A client of mine put it wonderfully just the other day. She said that she feels as if she rides the thrill of motivation to succeed as if surfing a wave, but just when the beach is within touching distance, that same wave drags her back out to sea.
It’s the process at work in a yoyo dieter’s weight fluctuation, and a drug addict’s repeated trips to rehab. It’s the cause of procrastination when you ought to be working, and overspending when you ought to be saving. It’s also the reason we push people away when they could have been The One (“if I’m in a successful relationship, then I must not be unloveable… ”).
Change is scary to the unconscious, full stop. It seems safer to just stick with what you’re accustomed to.
So what happens if you stop reacting to the things you don’t want, and instead begin pursuing the things you do want?
Everyone knows that when you run from something it only get’s scarier. Be it from the monster in your nightmare, or from your little sister as she chases you up the stairs, fleeing is absolutely terrifying. So although moving away from failure will take you in the same direction as moving towards success, the experience of both the journey and end result will be vastly different.
The person whose limiting belief is driving their behaviour is living an away-from life; a life of fear. They’re blind to the positive aspects of their personality (and of the world) because they’re too busy checking over their shoulder to see how close the monster has gotten. Although it might seem risky at first, it’s only by ceasing to check for that monster that you can feel safer, stronger and more successful.
In contrast, the person who lives a “towards” existence can always feel as though he is achieving as long as he is learning. With this mindset, the very concept of failure is negated. Now, any experience which causes you to grow, can be deemed a success, no matter what the outcome.
It all results from a simple, yet powerful, change in your self-image. When driven by fear and limiting beliefs, you operate from a position of “I’m not good enough… but if I could just achieve x, then I’ll be OK”. It might be a certain car, or a dress size or a qualification… Of course it never works because as soon as you achieve x, you’re already thinking about y and z. You always need something before you can feel good about yourself.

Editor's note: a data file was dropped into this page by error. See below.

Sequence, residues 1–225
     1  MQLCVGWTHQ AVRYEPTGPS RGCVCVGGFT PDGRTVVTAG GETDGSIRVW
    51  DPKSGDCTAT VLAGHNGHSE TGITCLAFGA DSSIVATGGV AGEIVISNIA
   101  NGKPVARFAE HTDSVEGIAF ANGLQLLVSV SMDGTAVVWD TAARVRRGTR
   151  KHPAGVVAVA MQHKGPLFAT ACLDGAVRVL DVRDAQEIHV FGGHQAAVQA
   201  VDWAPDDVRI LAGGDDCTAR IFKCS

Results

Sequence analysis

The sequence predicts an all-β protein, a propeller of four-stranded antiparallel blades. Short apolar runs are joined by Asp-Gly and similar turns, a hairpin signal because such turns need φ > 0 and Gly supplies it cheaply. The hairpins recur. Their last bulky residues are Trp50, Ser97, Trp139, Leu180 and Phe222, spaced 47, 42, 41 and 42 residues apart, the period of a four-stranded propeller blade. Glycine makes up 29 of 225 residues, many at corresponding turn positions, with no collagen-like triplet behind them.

On the other hand, when you operate from a position of “I’m good enough and so this next thing can make me even better”, then challenge itself becomes exciting (rather than just another opportunity to potentially fail).
Of course, I’m not saying there won’t be ups and downs, but with a growth-oriented outlook, each bad day provides information about how to be better in the future. The difference is that when progress is your focus, then any lull in your life is unlikely to be as low as the last because you’re always learning.
So how can you make this change in practice? Well, there are lots of ways. For some it’s just a part of growing up, your perspective can change over years of getting to know yourself. For others things can shift in a single moment of insight (I’d hope that this article might help with that).
Gaining an alternative perspective on the memory at the root of your limiting belief (your monster) will change everything. I personally went through a similar transformation to overcome my fear of (being a) failure whilst competing internationally as a kickboxer and boxer. That’s a dangerous platform for a failure formula! You can read how I did this here.
But the answer is really quite simple; it’s just to stop running away. In order to do that, you need to be OK with things not going to plan. You need to embrace the monster (and so realise that it’s not actually that scary).
The truth is, it doesn’t actually matter much if you fail the odd exam, or lose in the final, or say something silly. It doesn’t make you a loser.
People go further when they can disconnect objective failure from their sense of identity, and so consequently allow themselves to enjoy challenge for how it actually makes them better. This enables them to enjoy the journey itself, rather than just fixating on the next requirement for OKness.
The most successful people understand that the opposite of “not good enough” isn’t perfect. Let that sink in for a moment…
Good enough ≠ perfect
Whats more, very often it’s trying to be perfect that simply isn’t good enough.
If you found this article useful, it would mean the world to me if you hit the recommend button.
Big thanks to Cristina Rizzi Guelfi for the diagrams.
Thought Engineering is an online program that takes you on a journey into your own unconscious mind. Master techniques to control negative thinking, minimise self-destructive patterns, and maximise potential.
The Thought Engineering: Memory Work course helps you to analyse your negative thought processes in order to identify and then reframe the negative memories at the root of your self-sabotaging traits. Find out more here.